At the end of December, I created a list of things I wanted to accomplish in 2015; one of the items on that list was to present at my local VMUG. Now, there were two main reasons I wanted to present on a topic: The first being a reason to force myself to get out of my comfort zone and get over my anxiety of speaking in front of a large group of people, and the second was to put the User back in the VMUG. It had been a while since our local group had a member present on a topic, and so I decided that I would use myself as the vehicle of encouragement to help push other members to leave their fears behind and vacate their comfort zones too.
I was extremely fortunate to have had the opportunity to speak with Brad Christian (@vHipster | blog) a couple of weeks before my presentation. He provided me with some great recommendations for building out my presentation, and making sure I delivered it in a way that would allow me the opportunity to connect with my audience. The second part was surprisingly easier than I had expected and confirmed what Brad had told me: “If you are passionate, and knowledgeable about what you are presenting on, it will become a natural conversation.”
Ultimately, I had a blast doing the presentation, and it’s something I look forward to doing again in the future. If you were like me, and had been wanting to get up and present in front of your local VMUG, then I implore you to stop wasting time and to go for it! I learned things about myself that would have taken a lot longer to discover had I not gone through this process. Plus, as a bonus, when you’re done with your presentation, quite a few people will likely approach you that want to chat, and at the end of the day, that is one of the biggest benefits of belonging to a user group!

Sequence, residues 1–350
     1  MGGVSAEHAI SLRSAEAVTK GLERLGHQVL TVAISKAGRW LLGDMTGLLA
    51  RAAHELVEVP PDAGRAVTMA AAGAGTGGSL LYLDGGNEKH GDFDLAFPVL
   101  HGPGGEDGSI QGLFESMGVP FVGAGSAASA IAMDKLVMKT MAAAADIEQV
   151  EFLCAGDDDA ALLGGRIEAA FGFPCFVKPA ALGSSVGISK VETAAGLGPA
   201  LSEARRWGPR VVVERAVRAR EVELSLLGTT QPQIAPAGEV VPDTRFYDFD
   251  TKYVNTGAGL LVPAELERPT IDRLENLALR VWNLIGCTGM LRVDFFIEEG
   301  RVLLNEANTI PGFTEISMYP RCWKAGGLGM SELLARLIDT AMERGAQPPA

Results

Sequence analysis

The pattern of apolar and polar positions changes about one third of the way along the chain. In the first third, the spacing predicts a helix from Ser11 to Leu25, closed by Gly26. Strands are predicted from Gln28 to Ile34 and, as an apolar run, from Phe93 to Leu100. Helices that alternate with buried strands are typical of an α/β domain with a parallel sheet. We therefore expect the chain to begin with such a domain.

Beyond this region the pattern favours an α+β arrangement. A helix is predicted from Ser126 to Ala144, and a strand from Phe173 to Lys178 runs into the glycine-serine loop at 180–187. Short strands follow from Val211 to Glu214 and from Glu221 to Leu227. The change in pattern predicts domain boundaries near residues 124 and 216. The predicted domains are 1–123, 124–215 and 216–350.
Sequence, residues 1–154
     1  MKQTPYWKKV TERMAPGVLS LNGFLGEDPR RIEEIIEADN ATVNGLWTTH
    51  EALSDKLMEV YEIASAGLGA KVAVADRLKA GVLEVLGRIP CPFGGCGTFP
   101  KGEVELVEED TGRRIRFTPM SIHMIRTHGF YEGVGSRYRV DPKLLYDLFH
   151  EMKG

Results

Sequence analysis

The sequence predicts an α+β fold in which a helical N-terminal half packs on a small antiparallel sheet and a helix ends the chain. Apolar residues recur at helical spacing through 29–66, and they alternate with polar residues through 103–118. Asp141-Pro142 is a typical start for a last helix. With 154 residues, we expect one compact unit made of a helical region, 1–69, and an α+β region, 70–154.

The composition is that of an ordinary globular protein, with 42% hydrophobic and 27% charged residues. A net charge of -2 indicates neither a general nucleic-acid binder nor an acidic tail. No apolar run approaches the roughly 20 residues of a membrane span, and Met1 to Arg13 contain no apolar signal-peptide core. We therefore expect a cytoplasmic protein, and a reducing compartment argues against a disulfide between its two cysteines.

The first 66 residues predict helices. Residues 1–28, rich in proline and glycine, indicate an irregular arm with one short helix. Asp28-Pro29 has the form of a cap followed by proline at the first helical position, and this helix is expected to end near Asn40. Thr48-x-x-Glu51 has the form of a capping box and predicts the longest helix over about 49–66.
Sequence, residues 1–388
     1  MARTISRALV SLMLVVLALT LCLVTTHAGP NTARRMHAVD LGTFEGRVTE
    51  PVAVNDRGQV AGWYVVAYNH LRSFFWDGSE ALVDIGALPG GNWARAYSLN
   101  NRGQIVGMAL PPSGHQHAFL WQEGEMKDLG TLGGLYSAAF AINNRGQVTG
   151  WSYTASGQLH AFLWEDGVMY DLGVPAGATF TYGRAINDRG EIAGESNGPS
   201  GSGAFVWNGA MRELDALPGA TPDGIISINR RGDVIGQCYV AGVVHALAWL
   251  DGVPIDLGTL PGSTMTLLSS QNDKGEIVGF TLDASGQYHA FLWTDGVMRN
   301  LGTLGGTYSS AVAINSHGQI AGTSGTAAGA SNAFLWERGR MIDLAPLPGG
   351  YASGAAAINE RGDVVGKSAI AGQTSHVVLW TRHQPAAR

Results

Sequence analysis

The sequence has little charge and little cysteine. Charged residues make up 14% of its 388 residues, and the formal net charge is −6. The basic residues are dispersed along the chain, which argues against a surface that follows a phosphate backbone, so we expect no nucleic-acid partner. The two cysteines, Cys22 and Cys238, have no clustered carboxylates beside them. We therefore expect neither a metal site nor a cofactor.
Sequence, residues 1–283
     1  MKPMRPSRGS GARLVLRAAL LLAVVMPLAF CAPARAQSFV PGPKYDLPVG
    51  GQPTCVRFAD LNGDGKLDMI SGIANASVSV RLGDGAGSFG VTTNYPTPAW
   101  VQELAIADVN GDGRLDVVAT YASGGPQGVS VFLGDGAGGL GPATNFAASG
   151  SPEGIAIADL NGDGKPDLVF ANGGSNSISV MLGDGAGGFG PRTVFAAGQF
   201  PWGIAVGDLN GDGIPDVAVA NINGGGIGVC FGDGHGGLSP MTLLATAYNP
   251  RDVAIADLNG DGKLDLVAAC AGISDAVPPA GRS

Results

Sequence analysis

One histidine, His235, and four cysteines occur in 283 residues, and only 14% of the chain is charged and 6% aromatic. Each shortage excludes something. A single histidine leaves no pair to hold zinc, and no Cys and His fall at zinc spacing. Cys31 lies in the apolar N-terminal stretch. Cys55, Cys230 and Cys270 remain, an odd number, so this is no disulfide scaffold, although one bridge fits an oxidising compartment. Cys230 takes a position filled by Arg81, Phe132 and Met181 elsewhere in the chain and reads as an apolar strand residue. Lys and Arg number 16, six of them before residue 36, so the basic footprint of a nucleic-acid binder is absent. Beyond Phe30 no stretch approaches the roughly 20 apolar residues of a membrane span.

Tips and thoughts on presenting:
If you’re going to do a Live Demo, make sure to have a recording as a backup.
Make backups of your presentation.
Avoid “Death by Powerpoint” (Minimize the use of slides).
Pick 5 people to focus on during the presentation and take turns looking at them. This will help you feel like you’re speaking to a smaller audience.
Remember that people want you to succeed! No one wants to sit through a boring presentation – they are pulling for you!
Be natural, and don’t stand in one spot. Interact with your stage!
Relax and have fun!
A huge thanks to Brad Christian for helping me along the way and to Sean Massey (@seanpmassey | blog) for making his Home Labs presentation available to the public! If you are interested in presenting at your local VMUG and want some guidance, I strongly suggest that you reach out to the local leaders and ask them to get you involved in the FeedForward program.